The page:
'I had made a very prompt answer to your letter, but as I was about to go into action I did not have the opportunity to mail it, which I have now found in my pocket, after being brought to a hospital badly shaken to pieces in our last fight. I am now a little further away from the front. I might mention in this letter that your boy is now buried in an American graveyard in the rear of our lines, the location of which I do not exactly know, but I can assure you that all American graves are being taken care of by a number of French ladies, and I will try hard to obtain some additional information concerning your boy's grave, as I am now behind the lines. I might also state that I personally searched your boy's body for his personal effects, but have found nothing except two or three letters from home which were turned over to the commanding officer. Otherwise nothing was found on his person.

"You are at perfect liberty to use my letter as an assurance to all his friends and relatives that your boy has at all times set an inspiring example to all his comrades who so bravely fought alongside of him."

Earl M. Provost, company E, 2nd engineers, wrote on October 19:

"Dear Mrs. Whittaker: This cannot convey the sympathy and comfort I would have it bring to you, but perhaps it will relieve some of the thoughts and questions that have come up since you received the telegram notifying you of Bill'[s] death. Bill was a pal to me, always good natured and ready to lend a hand, never making a complaint. I couldn't believe that they had taken him. He and John Partridge were brothers to me, and now they have given their all that some other boys to come may not have to make the great sacrifice.

The day before the company went back into line he came to me and asked if I had heard from Slim, my cousin; then he sat down on my bed. We were just back of the lines in reserve in a little wood, and we talked of the things back home. He was so cheerful and joking about it all. Then that night they went into line again. Later I talked with Dewey Wardrobe, the boy who was in the same hole with Bill ... He said that they had taken over the line, which consisted of oblong holes in a sort of line, a man in each end of the hole. They were shelling them and the shells were lighting close to them. One struck the edge and Bill said 'I am wounded. 'They called a first aid man and laid him on a stretcher to carry him back; then another shell hit close and he was hit again. He said: 'It's no use boys, I am done for,' and he only lived a few moments. He was in very little pain. He was buried close to the place where he was hit.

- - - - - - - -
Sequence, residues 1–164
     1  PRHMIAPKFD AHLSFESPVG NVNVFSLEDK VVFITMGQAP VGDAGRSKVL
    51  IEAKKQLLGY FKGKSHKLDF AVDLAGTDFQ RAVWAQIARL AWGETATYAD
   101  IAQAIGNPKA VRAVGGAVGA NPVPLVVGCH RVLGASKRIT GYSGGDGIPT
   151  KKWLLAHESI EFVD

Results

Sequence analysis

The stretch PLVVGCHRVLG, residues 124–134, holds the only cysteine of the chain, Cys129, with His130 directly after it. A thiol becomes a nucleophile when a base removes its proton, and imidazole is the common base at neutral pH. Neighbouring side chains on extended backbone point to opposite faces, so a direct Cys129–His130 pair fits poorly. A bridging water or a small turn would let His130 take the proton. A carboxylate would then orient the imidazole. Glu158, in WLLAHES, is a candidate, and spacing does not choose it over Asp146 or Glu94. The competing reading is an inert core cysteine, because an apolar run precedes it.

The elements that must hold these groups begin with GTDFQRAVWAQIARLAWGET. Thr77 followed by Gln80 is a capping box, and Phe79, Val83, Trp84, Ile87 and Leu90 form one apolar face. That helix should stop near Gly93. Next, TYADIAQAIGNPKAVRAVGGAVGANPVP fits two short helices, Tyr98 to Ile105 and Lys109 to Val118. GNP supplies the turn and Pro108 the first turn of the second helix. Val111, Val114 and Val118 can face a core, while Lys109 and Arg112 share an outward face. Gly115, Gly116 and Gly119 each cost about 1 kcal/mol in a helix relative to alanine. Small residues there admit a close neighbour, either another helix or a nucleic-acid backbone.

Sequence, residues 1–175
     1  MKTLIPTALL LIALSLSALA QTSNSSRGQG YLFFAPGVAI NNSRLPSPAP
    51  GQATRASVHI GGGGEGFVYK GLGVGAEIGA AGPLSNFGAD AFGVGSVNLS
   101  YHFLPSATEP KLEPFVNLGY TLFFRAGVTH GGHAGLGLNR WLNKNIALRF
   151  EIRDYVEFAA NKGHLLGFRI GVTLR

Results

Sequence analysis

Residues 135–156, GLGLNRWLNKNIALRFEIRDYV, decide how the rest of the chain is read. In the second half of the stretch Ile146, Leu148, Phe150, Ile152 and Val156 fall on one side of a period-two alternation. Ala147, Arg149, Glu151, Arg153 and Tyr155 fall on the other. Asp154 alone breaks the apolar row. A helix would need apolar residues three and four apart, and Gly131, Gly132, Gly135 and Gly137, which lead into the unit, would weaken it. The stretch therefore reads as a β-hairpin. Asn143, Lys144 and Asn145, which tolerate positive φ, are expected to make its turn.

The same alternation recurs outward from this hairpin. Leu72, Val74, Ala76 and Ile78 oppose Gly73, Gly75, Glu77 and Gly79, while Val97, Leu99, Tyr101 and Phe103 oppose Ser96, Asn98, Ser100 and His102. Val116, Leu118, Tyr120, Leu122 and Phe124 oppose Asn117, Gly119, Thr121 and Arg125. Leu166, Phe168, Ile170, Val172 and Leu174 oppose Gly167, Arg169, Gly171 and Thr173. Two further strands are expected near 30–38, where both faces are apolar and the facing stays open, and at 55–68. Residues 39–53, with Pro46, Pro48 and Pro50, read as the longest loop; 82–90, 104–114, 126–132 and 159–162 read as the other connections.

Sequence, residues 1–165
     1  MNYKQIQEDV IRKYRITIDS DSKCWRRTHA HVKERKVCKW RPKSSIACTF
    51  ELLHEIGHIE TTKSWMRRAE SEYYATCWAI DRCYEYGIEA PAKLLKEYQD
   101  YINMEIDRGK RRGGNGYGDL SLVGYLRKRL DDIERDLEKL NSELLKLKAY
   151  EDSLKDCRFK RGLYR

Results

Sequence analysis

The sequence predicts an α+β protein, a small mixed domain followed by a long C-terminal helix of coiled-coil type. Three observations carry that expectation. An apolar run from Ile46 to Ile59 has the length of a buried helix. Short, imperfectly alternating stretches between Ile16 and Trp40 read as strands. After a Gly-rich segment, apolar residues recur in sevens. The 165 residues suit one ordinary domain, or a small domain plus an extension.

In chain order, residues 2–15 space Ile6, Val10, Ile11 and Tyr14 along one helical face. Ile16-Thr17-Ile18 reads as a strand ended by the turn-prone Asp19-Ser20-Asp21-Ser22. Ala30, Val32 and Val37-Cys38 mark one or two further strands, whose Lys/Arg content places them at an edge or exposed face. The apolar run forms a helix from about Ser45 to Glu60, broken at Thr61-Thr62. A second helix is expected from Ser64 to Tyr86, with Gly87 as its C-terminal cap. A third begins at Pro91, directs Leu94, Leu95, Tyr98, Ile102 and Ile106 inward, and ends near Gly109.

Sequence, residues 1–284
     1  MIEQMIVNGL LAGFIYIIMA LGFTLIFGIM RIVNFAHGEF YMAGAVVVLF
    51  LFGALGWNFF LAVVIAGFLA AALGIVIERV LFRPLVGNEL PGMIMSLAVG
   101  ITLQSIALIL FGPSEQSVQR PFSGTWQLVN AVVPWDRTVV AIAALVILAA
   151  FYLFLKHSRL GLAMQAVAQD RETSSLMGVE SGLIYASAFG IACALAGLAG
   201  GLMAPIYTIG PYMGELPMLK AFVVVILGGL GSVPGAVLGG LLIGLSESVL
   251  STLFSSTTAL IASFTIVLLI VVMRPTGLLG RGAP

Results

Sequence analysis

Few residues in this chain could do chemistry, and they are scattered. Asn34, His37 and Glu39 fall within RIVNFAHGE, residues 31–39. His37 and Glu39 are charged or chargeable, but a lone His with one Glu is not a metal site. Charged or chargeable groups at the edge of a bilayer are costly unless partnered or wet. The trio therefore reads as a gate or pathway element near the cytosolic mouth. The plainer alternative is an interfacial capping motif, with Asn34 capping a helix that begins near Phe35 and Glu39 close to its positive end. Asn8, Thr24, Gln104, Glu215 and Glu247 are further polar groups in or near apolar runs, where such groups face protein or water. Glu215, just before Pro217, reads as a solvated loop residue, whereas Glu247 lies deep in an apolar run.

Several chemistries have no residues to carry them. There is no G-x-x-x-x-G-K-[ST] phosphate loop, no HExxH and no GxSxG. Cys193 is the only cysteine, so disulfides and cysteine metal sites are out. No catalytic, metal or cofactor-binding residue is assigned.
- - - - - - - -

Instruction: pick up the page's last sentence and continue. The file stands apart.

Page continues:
"To you, his mother, there is little I can write to tell you how bravely he lived, how always ready he was to give anything he had—the truest pal a man ever had, and though now he has gone, somehow I never feel as though he were lost to me. Always when things are hardest, when skies look darkest dear old Bill seems to come and give me that cheerful laugh and whisper 'Come on, boys, be game.'

"Seems like it's all planned out, and one goes on doing his part till that time comes. After all, why is it, anyway? Still, because those Huns would vandalize the world, we must 'carry on.' I see only that ahead—duty. Who knows, perhaps my call may come tomorrow, and if it does, all I ask is that they may say that I lived and died as bravely as Bill Whittaker.

"I hope these few lines may give you some comfort, and should you wish to ask something more I will be more than glad to have you ask.

"God keep you and give you the hope and strength to forget your grief, remembering the sorrow and loss as he would have you remember it."

William Whittaker was killed at Belleau Wood Original image of this newspaper article cotributed by Mike Duka.